Spy cameras catch burglars: BBC item
Homes in the West Midlands are being fitted with secret cameras in an attempt to catch burglars in the act.
The scheme has already been successfully piloted in Coventry and is now being extended across the whole of the West Midlands Police area.
It involves a tiny, infrared camera being installed in the homes of serial burglary victims.
Home Office research shows many offenders return to the original target within a short time because only makeshift repairs have been carried out or the householder has replaced all of the stolen goods.
The cameras can be easily hidden inside objects so they are undetectable to burglars. The cameras can be placed in everyday objects
Four burglars have already been caught and convicted as a result of the cameras during the scheme’s pilot phase.
Superintendent Peter Goodman said: “The cameras are so small they are almost invisible to the naked eye.
“Hopefully, by installing these cameras in the most vulnerable properties, we will be able to catch thieves ‘in the act’.
“The most susceptible homes and those most likely to be subject of repeat break-ins are those which are exposed and have little evidence of home security.”
The spy-camera is the latest initiative from Operation Safe Homes, a force-wide operation set up to reduce burglary.
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Police To Use Tiny Undercover Hi-Tech Cameras To Catch Burglars ‘In The Act’
West Midlands Police Posted on: Tuesday 17 December 2002 at 10am
THE homes of vulnerable victims of burglary are to be installed with special undercover high-tech cameras aimed at catching thieves literally ‘in the act’.
The ‘House Trap’ cameras are being installed at homes across the West Midlands identified as being particularly vulnerable to being burgled – most have been victims on more than one occasion.
The latest initiative is part of Operation Safer Homes, a forcewide operation to tackle burglary and the handlers of stolen property.
“Every operational command unit has been asked to identify their local ‘hot properties’ – those which are most vulnerable to being broken into or have suffered previous burglaries,” said Superintendent Peter Goodman, who is co-ordinating the campaign.
“A tiny, infra red camera will be installed in these premises in an attempt to capture anyone who breaks in. The cameras are so small they are almost invisible to the naked eye.”
The devices can be easily hidden in objects around the house, making them virtually undetectable to burglars.
The cameras have been trialled in Coventry and, to-date, four burglars have been convicted after they were clearly shown raiding homes (see note overleaf).
“The aim of using these cameras is to protect vulnerable homes and to act as a deterrent to would-be burglars,” said Supt Goodman.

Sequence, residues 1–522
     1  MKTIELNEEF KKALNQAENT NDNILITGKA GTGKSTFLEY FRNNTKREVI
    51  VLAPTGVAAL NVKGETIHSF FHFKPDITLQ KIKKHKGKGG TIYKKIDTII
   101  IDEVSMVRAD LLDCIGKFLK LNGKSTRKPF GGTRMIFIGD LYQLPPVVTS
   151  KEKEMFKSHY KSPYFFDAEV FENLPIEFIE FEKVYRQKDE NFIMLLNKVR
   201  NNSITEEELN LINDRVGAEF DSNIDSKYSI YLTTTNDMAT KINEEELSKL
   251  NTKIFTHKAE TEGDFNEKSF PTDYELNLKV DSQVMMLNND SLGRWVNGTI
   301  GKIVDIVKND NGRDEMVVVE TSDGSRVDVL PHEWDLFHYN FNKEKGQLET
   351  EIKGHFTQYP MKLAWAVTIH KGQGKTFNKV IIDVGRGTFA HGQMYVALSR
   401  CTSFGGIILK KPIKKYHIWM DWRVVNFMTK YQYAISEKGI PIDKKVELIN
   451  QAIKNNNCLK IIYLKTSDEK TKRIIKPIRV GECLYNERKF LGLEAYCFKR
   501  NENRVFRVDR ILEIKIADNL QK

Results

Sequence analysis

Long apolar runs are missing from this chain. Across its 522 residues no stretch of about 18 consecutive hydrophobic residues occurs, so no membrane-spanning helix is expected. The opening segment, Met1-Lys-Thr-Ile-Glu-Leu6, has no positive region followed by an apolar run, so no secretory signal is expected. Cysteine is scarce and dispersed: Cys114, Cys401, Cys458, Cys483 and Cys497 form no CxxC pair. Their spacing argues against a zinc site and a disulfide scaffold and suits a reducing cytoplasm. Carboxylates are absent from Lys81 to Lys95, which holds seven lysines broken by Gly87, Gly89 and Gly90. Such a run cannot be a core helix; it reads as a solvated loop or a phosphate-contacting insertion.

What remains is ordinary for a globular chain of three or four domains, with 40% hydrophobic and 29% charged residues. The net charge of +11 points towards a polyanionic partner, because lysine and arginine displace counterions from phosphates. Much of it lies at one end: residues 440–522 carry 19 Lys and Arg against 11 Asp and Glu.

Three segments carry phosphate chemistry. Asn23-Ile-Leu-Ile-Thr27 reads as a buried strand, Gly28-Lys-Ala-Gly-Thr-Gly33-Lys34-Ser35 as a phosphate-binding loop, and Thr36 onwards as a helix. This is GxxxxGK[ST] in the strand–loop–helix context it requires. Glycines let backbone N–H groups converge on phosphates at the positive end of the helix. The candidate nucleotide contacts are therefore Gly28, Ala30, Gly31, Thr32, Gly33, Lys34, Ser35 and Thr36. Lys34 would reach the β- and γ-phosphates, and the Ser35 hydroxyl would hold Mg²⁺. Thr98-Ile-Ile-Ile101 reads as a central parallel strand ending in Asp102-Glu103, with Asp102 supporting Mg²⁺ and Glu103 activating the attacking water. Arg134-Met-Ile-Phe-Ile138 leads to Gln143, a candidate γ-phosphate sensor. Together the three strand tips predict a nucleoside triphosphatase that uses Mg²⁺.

“The most susceptible homes, and those most likely to be subject of repeat break-ins, are those which are exposed and have little evidence of security such as alarms, good locks or solid doors.
“Home Office research shows many offenders return to the original target within a short time because only makeshift repairs have been carried out to the property or the householder has replaced all of the stolen property with new items,” said Supt Goodman.
“Therefore, where a home is burgled it’s important the householder takes immediate action. They should not only repair the damage caused but look at how and why they were a victim in the first place. By doing this they can identify the vulnerable points of their security and take action to address this.
“Hopefully, by installing these cameras in the most vulnerable properties, we will be able to catch thieves ‘in the act’. But we would rather prevent a break-in taking place in the first place,” said Supt Goodman.
Since being launched in October, Operation Safer Homes has seen a reduction in offences of more than 25 per cent compared to October and November last year. Year-to-date figures (from April to November) show a forcewide reduction of 13.6 per cent (17,696 offences compared to 20,542) – resulting in 2,846 fewer victims of burglary.
Superintendent Mark Sheasby, from Chace Avenue operational command unit in Coventry, was responsible for piloting the hidden cameras, which were funded by Coventry City Council’s Action Against Crime group.
He said: “The quality of images captured using these devices is excellent and should send out a clear warning to offenders. By using these devices, we are turning the table on burglars.
“The technology we are using is evolving all the time and since these cameras were originally piloted we have been developing even more sophisticated techniques. In this operational command unit alone we are seeing over 80 fewer victims of burglary a week as a result of our tactics.
“It is also important to stress that we are not just targeting burglars but also the handlers of stolen goods. In one of the examples captured on camera we carried out surveillance which resulted in the arrest of a network of burglars and thieves after the property was sold on.
“We have had some excellent results in Coventry and all of the feedback we have received from members of the public show they really welcome this initiative.”
Members of the public who are interested in learning more about the hidden cameras initiative are asked to contact their local police station.